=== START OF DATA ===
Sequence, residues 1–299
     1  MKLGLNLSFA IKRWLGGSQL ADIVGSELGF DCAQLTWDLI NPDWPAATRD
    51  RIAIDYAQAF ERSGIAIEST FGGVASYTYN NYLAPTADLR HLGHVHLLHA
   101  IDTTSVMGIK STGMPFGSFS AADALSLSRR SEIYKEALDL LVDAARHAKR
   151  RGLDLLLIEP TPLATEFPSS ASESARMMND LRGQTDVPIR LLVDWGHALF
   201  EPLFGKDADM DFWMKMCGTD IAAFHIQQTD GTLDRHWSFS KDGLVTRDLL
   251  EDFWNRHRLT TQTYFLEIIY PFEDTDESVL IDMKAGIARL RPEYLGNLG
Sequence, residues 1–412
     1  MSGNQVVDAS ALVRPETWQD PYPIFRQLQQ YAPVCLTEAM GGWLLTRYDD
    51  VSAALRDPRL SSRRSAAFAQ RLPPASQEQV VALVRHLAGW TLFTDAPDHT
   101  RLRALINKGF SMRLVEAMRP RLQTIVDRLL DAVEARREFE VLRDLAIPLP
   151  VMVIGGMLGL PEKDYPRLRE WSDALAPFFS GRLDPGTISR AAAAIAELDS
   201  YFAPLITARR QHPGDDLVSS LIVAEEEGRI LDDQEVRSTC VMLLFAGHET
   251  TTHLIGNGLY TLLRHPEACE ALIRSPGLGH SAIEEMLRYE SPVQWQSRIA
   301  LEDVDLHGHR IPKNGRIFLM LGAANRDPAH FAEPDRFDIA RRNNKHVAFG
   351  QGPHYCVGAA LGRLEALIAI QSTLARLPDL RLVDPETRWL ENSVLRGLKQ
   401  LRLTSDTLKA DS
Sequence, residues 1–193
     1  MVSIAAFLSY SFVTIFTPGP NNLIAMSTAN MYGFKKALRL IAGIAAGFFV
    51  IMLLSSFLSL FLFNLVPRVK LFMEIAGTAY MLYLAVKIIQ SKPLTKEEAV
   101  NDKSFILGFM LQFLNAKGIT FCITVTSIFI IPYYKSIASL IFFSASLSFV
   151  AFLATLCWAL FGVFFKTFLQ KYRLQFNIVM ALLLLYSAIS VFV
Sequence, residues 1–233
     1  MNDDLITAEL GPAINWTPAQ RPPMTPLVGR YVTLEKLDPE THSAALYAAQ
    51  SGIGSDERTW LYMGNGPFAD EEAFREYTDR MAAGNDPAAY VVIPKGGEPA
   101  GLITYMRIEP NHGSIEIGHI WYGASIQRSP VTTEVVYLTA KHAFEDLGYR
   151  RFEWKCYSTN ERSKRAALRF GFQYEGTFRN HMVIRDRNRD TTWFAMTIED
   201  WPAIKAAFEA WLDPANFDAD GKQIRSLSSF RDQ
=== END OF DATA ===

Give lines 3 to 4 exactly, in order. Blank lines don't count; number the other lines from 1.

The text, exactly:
    51  RIAIDYAQAF ERSGIAIEST FGGVASYTYN NYLAPTADLR HLGHVHLLHA
   101  IDTTSVMGIK STGMPFGSFS AADALSLSRR SEIYKEALDL LVDAARHAKR